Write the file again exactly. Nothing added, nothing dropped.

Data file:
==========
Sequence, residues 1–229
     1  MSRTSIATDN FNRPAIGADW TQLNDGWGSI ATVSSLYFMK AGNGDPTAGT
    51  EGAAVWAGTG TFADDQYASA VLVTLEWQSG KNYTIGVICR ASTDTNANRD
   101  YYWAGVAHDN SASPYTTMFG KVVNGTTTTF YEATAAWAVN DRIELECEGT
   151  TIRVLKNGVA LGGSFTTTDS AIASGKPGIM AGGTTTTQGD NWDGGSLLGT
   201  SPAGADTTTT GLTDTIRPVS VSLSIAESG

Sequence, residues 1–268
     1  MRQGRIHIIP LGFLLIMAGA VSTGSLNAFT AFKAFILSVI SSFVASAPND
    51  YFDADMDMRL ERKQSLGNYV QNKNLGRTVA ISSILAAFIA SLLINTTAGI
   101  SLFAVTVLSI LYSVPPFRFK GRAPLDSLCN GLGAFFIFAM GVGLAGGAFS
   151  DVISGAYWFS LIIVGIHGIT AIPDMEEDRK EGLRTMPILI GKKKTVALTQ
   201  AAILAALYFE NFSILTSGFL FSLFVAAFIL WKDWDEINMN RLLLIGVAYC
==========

Sequence, residues 1–229
     1  MSRTSIATDN FNRPAIGADW TQLNDGWGSI ATVSSLYFMK AGNGDPTAGT
    51  EGAAVWAGTG TFADDQYASA VLVTLEWQSG KNYTIGVICR ASTDTNANRD
   101  YYWAGVAHDN SASPYTTMFG KVVNGTTTTF YEATAAWAVN DRIELECEGT
   151  TIRVLKNGVA LGGSFTTTDS AIASGKPGIM AGGTTTTQGD NWDGGSLLGT
   201  SPAGADTTTT GLTDTIRPVS VSLSIAESG

Sequence, residues 1–268
     1  MRQGRIHIIP LGFLLIMAGA VSTGSLNAFT AFKAFILSVI SSFVASAPND
    51  YFDADMDMRL ERKQSLGNYV QNKNLGRTVA ISSILAAFIA SLLINTTAGI
   101  SLFAVTVLSI LYSVPPFRFK GRAPLDSLCN GLGAFFIFAM GVGLAGGAFS
   151  DVISGAYWFS LIIVGIHGIT AIPDMEEDRK EGLRTMPILI GKKKTVALTQ
   201  AAILAALYFE NFSILTSGFL FSLFVAAFIL WKDWDEINMN RLLLIGVAYC